Here’s a conundrum: what do you do when the thing you love makes you sick? Juliana Hatfield has been trying to answer that question for a long time. In 2008 she put out a hopefully-titled album, How To Walk Away. At 44, she’s finally making her move. We met for tea recently at Boston’s Museum of Fine Arts, where Hatfield is enrolled in an intensive studio art program, to talk about closing the book on performing and starting a new chapter as a painter.
Q: How’s school going?
A: It’s going great. I’m not really ready to show my stuff to people. I feel like I’m just here at school trying to develop my skills and ideas. One of the faculty used the premature birth analogy. He said, “Don’t push your work out prematurely.” I don’t want to do that.
Q: How long is the program?
A: Just a year. It’s a post-baccalaureate certificate program. But a lot of people see it as pre-MFA training.
Q: Are you looking at it that way?
A: Well, I wasn’t. I really just wanted to learn and have a more intensive art school experience and just develop, but I think I’m going to apply to a couple of MFA programs, although I don’t know if that would be practical for me.
Q: That brings up the question of plans.
A: If I could afford to, I would just paint for the foreseeable future. It’s the way I saw music before. I only wanted to do that. Now I want to paint. That is probably going to sound so pretentious coming from someone who’s been a musician. It’s weird, no one even knows I’m doing this school. None of my quote unquote fans knows that I’m in school. I haven’t really told anyone.
Q: Why not?
A: I’m doing it for me. I always felt that I had potential but I put it on the back burner when I started doing music full-time. Now I’m trying to see if I can develop the skills that I have.
Q: It sounds like you’ve completely turned your energy away from music.
A: I’m focusing on school right now. I finished up an album, which was sort of a way to help me pay for school. The plan was to get the album out and then stop with music. I can’t really, what’s the word…It’s like this really strong creative urge is taking another shape right now. There’s all this stuff around music, you know. The whole thing about rock music, pop music, is it’s really for kids. The last show that I played was in August. I was up there with a bass player and a drummer and I felt like such an idiot. I’ve outgrown this. It is really unbecoming. I don’t feel that this is right anymore. I felt ridiculous playing electric guitar and singing songs.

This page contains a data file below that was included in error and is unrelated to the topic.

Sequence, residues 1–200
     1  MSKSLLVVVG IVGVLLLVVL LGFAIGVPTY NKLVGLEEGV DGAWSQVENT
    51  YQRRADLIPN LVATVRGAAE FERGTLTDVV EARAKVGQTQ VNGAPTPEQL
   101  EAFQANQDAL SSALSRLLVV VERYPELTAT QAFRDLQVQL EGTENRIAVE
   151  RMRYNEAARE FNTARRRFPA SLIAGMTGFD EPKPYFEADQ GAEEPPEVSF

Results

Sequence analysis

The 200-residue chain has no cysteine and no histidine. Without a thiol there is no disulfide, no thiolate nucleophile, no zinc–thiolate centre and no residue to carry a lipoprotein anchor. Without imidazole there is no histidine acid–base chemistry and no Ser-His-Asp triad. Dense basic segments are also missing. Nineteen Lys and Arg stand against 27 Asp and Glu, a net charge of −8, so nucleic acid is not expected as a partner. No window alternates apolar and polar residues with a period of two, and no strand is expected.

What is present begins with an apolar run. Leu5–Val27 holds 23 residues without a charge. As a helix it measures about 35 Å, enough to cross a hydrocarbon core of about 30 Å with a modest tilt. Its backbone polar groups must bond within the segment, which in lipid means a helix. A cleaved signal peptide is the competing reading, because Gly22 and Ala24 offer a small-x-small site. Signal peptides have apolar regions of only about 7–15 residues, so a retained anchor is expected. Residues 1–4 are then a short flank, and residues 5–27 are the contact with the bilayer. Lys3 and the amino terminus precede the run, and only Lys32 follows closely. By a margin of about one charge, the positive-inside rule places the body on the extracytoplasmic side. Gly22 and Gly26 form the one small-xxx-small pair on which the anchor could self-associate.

Q: Because you feel too old? Because you’ve been doing it for so long?
A: I just feel like I’ve outgrown it, the performance thing, I’m really not feeling it anymore. I think I can keep writing songs, but getting up in front of people and playing just feels so weird to me now. So silly. I’ve lost that desire to play in front of people.
Q: My sense is that being on stage, in the spotlight, has never been a comfortable place for you.
A: Yeah, when I look back over the hundreds and hundreds of shows I’ve played I feel like maybe half a dozen, or a dozen, maybe two dozen, I’ve felt like, OK, this is really working well, I’m feeling really strong and it’s flowing and I’m at the top of my game and I’m connecting with the audience. Two dozen times of the millions of shows I’ve played.
Q: And the other shows?
A: The rest of the time I’m really uncomfortable. Physically hurting. Feeling anxious. Not putting on a good show, not connecting, saying stupid things between songs, awkward.
Q: That’s no way to live.
A: I know. I’m finally realizing I don’t want to feel like this anymore. It’s pathological.
Q: It’s also hard to let go.
A: It’s taken me years to be able to say this is really not fulfilling for me, I really don’t want to do it anymore. I’ve been trying to quit touring and performing for years. I’ve been talking about it for years.
Q: What’s stopped you?
A: Well, I don’t know. It’s like a weird grieving process, I guess. It’s hard to say goodbye to something you thought was going to be something more. It’s hard to let go of old dreams. It sounds so silly.
Q: But it’s true.
A: I know. It took me probably longer than it should have, but I still wanted to be good at it. I wanted to be a great performer, but I was always frustrated. People tried to tell me I was a good performer but I finally realized I’m not. Plus, my audience has gotten smaller. I can’t really make money on the road. A lot of people get to a certain age and they would like to stop, but they’re bringing in good money so they get in the cycle of touring every year. I’m not even making money on the road, so it’s doubly not worth it. And then the other thing is the past couple of tours I went on were so physically ravaging. I came home severely underweight. I would get these epic flus and bronchitis. I had insomnia, horrible anxiety, and anorexia. It was, like, why am I doing this to myself?